Tuesday, March 9, 2021

So you think you can dance

Reading Time: 4 minutes

The inaugural High School Dance Competition goes off with a bang, writes NIKITA KULKARNI

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Music, dance, sashaying colours and beaming smiles on everyone’s faces.

That’s what the High School Dance Competition (HSDC) was all about.

For a first-time event, the turn-out was amazing.

Students from various high schools across Melbourne came together to perform Bollywood dance and made it a night to remember.

1-2-3-4, Get on the dance floor! The competing teams were welcomed by a cheering and enthused audience, and this spurred the dancers on to put their all into each presentation.

Participating schools included Footscray High School, Mac Robertson Girls’ High School, Manor Lakes P-12 College, Suzanne Cory High School, Werribee Secondary College and Marian College.

The judging panel consisted of Cnr Heather Marcus, Lisa George, the Director of That Dance Place, and Jaya Karan from the Sapphire Dance Group.

Chief guests at the evening included Mayor of Wyndham, Peter Maynard, Natalie Suleyman, Member for St Albans, and Jasvinder Sidhu, Multicultural Advisor to Premier Daniel Andrews.

Footscray High School was first off the mark, and did they get the crowd going!

The ghaghras swayed just for the right amount of oomph, and you could tell the dancers relished the crowd cheering and clapping along. Some very well executed thumkas here, girls!

The presentation by Mac Robertson Girls’ High School was high on the creativity quotient.

Fun and exciting, the dancers morphed from graceful, demure females into tough strong males, showing dominance and control.

Manor Lakes P-12 College proved their talent with their use of thrilling acrobatics.

The boys’ magnificent stunts including cartwheels and flips – yes, into the stalls – had the audience holding their breath and gripping the edge of their seats.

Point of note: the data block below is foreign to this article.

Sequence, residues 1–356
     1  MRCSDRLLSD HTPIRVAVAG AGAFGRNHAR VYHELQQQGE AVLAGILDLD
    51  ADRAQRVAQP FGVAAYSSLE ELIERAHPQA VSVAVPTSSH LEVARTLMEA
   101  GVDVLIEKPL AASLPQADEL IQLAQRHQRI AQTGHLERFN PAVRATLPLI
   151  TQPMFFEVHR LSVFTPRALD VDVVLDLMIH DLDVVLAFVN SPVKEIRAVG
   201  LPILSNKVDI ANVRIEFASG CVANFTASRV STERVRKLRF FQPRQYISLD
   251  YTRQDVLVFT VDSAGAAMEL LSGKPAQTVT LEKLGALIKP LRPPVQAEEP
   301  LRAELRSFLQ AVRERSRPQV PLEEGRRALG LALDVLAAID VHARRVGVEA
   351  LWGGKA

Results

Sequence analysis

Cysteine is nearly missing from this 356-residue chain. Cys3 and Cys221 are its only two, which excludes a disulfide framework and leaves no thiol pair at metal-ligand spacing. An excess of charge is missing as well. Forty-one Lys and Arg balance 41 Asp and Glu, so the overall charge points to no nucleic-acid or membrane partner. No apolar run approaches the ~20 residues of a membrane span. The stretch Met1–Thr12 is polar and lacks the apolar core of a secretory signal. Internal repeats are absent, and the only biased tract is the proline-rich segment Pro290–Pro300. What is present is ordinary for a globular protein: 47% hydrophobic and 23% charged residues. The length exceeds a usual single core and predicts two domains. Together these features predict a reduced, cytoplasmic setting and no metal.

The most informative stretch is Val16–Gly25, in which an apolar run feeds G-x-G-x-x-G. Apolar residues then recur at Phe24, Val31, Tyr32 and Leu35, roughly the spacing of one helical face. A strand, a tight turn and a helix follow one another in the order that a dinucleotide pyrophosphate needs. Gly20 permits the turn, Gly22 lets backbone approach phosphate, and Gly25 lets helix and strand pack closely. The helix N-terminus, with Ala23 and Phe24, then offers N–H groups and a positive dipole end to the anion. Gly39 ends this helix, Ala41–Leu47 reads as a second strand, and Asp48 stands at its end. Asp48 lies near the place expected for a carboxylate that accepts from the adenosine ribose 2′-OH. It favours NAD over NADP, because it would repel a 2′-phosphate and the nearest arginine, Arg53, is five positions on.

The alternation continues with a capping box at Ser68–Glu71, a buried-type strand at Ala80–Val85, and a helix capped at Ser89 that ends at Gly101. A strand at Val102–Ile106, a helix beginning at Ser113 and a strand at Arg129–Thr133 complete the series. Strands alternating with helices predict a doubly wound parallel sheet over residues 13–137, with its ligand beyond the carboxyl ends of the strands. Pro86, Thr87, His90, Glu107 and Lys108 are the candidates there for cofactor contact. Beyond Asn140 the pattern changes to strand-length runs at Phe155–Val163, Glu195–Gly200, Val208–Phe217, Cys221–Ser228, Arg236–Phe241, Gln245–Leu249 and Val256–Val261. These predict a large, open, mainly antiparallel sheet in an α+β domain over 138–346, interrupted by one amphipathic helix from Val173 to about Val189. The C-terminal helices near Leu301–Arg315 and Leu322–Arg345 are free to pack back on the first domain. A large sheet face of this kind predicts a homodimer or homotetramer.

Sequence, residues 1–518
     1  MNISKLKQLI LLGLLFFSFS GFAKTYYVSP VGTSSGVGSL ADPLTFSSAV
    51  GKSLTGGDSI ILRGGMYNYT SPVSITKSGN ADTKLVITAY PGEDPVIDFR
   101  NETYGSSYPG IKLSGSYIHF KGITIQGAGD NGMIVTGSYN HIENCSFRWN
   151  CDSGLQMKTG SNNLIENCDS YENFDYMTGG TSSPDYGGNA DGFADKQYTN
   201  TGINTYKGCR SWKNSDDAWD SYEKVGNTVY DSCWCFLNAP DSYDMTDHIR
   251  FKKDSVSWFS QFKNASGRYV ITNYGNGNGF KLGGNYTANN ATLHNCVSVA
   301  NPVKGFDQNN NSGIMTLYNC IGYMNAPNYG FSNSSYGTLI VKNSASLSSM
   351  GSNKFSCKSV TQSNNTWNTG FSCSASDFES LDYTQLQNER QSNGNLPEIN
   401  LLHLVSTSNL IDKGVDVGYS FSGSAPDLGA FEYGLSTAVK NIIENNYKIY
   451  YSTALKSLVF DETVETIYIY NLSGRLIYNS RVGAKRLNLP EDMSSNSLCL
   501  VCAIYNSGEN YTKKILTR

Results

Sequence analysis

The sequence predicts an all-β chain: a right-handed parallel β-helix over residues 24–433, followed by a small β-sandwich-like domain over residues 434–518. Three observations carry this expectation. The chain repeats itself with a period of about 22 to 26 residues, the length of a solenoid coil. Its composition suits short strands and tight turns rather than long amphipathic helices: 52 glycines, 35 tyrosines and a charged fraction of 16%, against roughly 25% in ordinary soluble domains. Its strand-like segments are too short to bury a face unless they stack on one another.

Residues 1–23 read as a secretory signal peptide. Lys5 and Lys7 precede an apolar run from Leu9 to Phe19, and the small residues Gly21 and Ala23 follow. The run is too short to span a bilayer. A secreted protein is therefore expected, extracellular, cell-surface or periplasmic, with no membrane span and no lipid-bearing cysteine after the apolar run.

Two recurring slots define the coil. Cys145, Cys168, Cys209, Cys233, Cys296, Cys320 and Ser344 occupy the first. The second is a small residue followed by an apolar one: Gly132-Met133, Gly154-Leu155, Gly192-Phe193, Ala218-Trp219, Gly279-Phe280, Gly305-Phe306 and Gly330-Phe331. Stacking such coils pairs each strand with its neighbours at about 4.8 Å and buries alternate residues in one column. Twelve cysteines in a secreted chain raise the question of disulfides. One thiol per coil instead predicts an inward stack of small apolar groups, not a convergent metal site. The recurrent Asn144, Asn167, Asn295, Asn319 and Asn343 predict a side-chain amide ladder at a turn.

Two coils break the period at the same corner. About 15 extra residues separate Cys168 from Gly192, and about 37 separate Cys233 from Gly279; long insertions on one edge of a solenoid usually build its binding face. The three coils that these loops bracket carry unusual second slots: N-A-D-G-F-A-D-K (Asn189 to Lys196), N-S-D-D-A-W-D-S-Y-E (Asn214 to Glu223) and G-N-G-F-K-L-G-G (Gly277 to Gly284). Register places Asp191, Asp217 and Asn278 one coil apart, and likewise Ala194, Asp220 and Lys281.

Marian College faced some difficulties, and in the end settled for a duet performance – graceful and enchanting. Their commitment to presenting a complete performance shone through, much like the glimmer from the costumes.

Kudos to the dancers, who demonstrated dedication to dance and proved that hard work is the key.

Last but not least, came Werribee Secondary College. And what a splash they made, not only with their costumes but also their inventive choreography, including those jhataks and mataks! Breathtaking.

The sheer energy seemed to speak for the entire generation, who are willing to take anything on and give it their all!

From watching YouTube to consulting dance teachers to simply watching Indian movies, each and every student put their heart and soul into the performances.

Let’s just say, plenty of light bulbs were screwed in, and many, many dogs were patted!

As they turned into Chikni Chameils and Dilli Wali Girlfriends for the night, it was obvious they had the current Bollywood formula down pat: kabhi soft kabhi rude, killer tera attitude!

And yet, the genre was not only unique Bollywood, but also incorporated a bit of Hip-Hop and classical Bharatanatyam. There was talent, effort and enthusiasm galore!

Werribee Secondary College were announced as winners, with a cash prize of $2000, closely followed by Suzanne Cory High School with a cash prize of $1000 and Footscray High School with a cash prize of $500. The prizes were split, with half going to performers and half towards their school.

A special prize was presented to Marian College, for performing even after having faced some difficulties.

Guest performers provided a breath of fresh air and showcased different dance techniques, from Bollywood to jazz to ballet to fusion.

These included dancers from That Dance Place, Industrial Dance Company and Mel’s Jazz Performers and Rachana Natyalaya.

Dancer Sashank Gulla, in his debut performance in Australia, took the audience by storm. He may be a student of engineering, but Sashank cannot contain his love for dance.

His breakdance routine, as well as his number with Rachana Natyalaya, both went down very well.

HSDC promises to host further such school events – with a larger line-up next year to keep the excitement going.

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